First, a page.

30 May, 2011Issue 16.3MusicThe Arts

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Bind and Heal: An Interview with Simon Reynolds

Alex Niven

Simon Reynolds

Simon Reynolds has been at the centre of British music journalism for nearly 30 years. After studying history at Brasenose College, Oxford in the early 80s (and narrowly missing out on being a contemporary of David Cameron’s), Reynolds starting writing for the pop music weekly Melody Maker, and quickly built up a reputation as an eloquent champion of futuristic genres like post-punk, hip-hop, and acid-house. The author of major studies like Energy Flash: A Journey Through Rave Music and Dance Culture (1999) and Rip it Up and Start Again: Postpunk 1978-1984 (2005), Reynolds is also noted for his ability to venture outside the confines of traditional music journalism and to turn up in unlikely places: his comments feature on the jacket flap of Frederic Jameson’s Postmodernism (1991), for example, and he has in the last decade become a driving force in the alternative blogging community that gave rise to the Zer0 Books publishing venture.

Reynolds’s new book, Retromania: Pop Culture’s Addiction to its Own Past (reviewed by Adam Harper in this issue), surveys the recent vogue for heritage culture and nostalgia in pop music. A voluminous work that ranges over literally hundreds of examples of “retro delirium”, Retromania is a powerful crystallisation of one of the most talked-about discussion topics of the age.

So what was the gestation process for Retromania?

Some of the concepts go back a long way. For example I use this term “record collection rock”. I formulated that in the early 90s in a piece for the New York Times, and it wasn’t that new a phenomenon even then. I could have used it to describe Spacemen 3 or any number of 80s bands. So it’s always been there in the back of my mind, and it’s something I’ve never quite made up my mind about. It’s that mindset of being, on the one hand, obsessed with the future, but also liking a lot of things that are based on the past, and feeling almost ashamed of liking them.

But specifically thinking “there’s a book there” came partly from doing the post-punk book [Rip it Up and Start Again]. I posit this break at the end of the book, this point at which indie music gets more about the 60s, where it abandons synthesizers for guitars. But the more I thought about it, the more I realized that actually it went back a lot further.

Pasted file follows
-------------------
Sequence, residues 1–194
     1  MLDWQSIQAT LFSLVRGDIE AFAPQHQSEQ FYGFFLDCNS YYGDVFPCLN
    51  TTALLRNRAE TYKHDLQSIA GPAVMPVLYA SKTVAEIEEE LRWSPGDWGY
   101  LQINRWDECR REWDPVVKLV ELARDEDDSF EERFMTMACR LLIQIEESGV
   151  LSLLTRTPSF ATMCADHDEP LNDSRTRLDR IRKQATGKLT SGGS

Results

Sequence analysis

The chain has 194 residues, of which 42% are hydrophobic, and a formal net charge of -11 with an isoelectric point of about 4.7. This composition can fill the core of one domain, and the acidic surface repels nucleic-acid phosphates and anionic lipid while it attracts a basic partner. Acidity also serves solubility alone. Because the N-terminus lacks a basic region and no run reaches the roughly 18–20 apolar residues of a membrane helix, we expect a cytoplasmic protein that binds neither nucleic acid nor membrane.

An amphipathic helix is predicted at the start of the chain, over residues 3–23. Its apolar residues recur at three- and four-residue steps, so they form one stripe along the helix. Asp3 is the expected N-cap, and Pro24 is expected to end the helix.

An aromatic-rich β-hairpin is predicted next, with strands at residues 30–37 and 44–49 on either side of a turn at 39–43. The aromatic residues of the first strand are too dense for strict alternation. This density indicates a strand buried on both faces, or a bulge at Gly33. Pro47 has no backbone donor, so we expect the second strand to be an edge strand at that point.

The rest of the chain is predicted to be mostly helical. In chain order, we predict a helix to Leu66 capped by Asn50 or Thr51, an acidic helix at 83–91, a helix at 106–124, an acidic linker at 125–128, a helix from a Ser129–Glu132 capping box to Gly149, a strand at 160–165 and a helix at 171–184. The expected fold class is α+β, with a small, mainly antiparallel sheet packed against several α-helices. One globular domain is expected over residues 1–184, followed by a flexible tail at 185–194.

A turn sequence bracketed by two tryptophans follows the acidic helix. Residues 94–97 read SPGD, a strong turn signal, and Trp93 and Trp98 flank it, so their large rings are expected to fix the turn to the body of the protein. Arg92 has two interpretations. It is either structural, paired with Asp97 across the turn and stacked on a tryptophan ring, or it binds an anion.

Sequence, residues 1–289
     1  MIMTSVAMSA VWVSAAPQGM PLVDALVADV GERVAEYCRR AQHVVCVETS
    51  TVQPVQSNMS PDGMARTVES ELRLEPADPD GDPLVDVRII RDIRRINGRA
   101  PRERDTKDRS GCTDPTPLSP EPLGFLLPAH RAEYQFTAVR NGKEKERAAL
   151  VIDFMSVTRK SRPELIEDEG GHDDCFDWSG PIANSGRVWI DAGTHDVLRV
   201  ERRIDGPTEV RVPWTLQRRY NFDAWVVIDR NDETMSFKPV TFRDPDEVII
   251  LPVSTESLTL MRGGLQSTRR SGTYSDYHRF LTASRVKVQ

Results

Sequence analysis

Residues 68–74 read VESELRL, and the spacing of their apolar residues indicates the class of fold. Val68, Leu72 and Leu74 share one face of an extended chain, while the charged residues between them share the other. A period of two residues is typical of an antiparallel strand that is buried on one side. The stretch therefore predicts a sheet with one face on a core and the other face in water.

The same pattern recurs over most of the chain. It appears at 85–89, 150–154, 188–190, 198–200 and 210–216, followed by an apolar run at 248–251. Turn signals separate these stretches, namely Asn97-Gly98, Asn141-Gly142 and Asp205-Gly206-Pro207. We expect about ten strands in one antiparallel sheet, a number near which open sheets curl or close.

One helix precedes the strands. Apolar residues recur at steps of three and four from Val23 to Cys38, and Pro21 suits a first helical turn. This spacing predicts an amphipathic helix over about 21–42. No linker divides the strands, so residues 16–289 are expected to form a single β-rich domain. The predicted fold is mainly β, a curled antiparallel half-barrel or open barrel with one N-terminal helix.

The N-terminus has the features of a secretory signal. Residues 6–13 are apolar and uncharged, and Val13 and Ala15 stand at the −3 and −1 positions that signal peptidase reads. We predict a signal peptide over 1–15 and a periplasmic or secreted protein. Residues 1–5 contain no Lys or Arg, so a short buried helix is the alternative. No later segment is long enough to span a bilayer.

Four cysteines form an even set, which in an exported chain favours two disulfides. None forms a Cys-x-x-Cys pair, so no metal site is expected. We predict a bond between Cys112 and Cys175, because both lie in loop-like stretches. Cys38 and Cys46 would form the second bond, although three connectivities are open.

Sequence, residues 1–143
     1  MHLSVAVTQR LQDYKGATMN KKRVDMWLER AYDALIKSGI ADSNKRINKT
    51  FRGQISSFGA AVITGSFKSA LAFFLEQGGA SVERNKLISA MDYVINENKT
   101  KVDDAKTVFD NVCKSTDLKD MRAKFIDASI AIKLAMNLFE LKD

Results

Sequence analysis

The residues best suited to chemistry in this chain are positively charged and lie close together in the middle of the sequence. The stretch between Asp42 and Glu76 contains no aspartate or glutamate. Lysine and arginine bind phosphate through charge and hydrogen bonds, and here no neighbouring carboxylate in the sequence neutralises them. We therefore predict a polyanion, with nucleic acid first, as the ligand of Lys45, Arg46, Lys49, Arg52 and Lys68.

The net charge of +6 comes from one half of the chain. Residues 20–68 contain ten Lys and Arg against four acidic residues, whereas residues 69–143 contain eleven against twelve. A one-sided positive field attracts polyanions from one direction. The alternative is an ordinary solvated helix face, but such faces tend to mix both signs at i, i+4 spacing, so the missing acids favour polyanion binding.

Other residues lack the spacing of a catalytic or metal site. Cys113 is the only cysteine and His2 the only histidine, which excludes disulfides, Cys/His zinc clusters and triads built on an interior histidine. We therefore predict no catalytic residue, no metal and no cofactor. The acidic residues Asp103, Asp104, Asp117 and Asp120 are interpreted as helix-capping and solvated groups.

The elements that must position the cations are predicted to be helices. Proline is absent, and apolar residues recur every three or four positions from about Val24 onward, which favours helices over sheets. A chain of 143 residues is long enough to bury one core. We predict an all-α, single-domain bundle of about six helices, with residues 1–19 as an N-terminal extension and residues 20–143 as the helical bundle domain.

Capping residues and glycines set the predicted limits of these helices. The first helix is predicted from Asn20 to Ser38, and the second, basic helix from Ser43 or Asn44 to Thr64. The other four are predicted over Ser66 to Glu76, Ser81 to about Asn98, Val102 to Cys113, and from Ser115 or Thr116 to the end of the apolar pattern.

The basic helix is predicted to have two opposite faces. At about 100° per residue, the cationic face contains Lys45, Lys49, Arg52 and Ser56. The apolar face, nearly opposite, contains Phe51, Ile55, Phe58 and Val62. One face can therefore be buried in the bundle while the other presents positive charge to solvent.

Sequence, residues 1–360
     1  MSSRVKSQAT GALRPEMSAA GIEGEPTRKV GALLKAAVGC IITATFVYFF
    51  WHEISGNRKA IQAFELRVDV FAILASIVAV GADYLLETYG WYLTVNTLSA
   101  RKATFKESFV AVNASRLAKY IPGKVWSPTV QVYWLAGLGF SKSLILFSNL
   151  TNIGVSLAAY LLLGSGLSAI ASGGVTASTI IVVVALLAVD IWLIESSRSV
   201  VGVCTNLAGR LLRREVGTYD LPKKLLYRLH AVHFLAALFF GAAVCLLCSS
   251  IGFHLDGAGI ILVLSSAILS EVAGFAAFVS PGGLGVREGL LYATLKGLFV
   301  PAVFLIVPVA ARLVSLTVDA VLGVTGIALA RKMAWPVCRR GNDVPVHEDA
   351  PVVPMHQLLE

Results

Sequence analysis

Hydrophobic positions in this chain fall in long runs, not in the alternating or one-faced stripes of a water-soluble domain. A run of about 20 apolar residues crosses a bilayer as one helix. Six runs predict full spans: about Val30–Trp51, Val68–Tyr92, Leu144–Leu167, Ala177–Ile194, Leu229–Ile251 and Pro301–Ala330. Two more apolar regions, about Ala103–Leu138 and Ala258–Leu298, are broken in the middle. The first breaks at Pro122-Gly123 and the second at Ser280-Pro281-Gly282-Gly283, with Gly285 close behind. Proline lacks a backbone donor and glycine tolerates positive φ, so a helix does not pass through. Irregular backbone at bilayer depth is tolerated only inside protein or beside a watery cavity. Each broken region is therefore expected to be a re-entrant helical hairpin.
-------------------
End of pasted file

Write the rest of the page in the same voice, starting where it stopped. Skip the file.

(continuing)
I can remember one time looking through the back of Uncut for some reason and seeing adverts for all these live performances and festivals, and it was like this totally garbled, mixed-up blend of history. There were bizarre juxtapositions, and it just seemed weird. So the concept for the book arose out of bemusement really, noticing that there was this industry developing, quite a significant money-spinning sector of the music economy that’s based on nostalgia.

This was one of the defining things of the last decade, and I was surprised no one had written a book about it. But at the same time it’s such a diffuse and scattered phenomenon that I can see why no one had written a book about it. And as a topic it doesn’t have that cheerful tone. Usually music books are cheerful. This is the first book I’ve done that isn’t enthusiastic.

You use the phrase “tipping point” in the book. There’s a sense that we’re approaching some kind of crux…

I don’t know if we are; it may just stay like this forever! Obviously I’m making it seem dramatic; and the way the whole book’s framed—it’s designed to be inflammatory. We might just enter a sort of stasis. It may not be a dramatic thing; pop may just get more and more clogged with the past being recycled.

But there is a feeling of “how can this go on?” People are actually murmuring about reviving stuff from the 90s, and you think, “how can you do this? What can you draw on? You can’t revive britpop. How can you do that?”

Do you think it’s a case of an art form wasting its energy? If you look at, say, English theatre in the 18th century, there’s not all that much of note after the high points of the 17th century. Art forms go into recession, sometimes for as long as a century. Do you think that’s what’s happening?

It could be. It could be that rock, specifically rock, like jazz, will carry on as a sort of heritage thing. It could be like in jazz, where young players come forward who do good stuff, but it’s not going anywhere and it doesn’t have any connection to the zeitgeist. But it’s not just rock that’s ailing; it’s everything—including electronic music now, which is in this weird recursive mode of going back to 90s high points and tweaking and tinkering with them.

It’s not just a lack of energy. It’s not to do with a lack of talent. There are loads of talented musicians around, and they all have great technological tools at their hands. So you can’t say everyone’s being crap and unoriginal. It’s much more macro and structural. It’s like musicians don’t have any choice. Some major seismic thing within the whole terrain in which music is produced has shifted, and it’s almost as though you can’t resist these forces.

I suppose my sense is that it has a lot to do with the decline of socialisation and of people thinking in groups, people coming to a consensus about the new modernistic development, through the music press, or through John Peel, or whatever.

People seem very hostile to groupthink, don’t they? Which is bad. I think a bit of groupthink would be good. It happens in journalism. People are very reluctant to get behind each other’s ideas. I totally got behind David Keenan’s hypnagogic pop idea. I don’t care that he thought of it first; it’s a fantastic idea and I like some of that music a lot.